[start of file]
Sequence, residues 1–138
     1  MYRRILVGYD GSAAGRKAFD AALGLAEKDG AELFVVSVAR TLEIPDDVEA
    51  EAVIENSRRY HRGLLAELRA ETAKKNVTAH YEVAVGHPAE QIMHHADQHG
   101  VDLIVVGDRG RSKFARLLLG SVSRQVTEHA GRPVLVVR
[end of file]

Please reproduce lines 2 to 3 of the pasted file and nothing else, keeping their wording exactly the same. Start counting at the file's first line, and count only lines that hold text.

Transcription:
     1  MYRRILVGYD GSAAGRKAFD AALGLAEKDG AELFVVSVAR TLEIPDDVEA
    51  EAVIENSRRY HRGLLAELRA ETAKKNVTAH YEVAVGHPAE QIMHHADQHG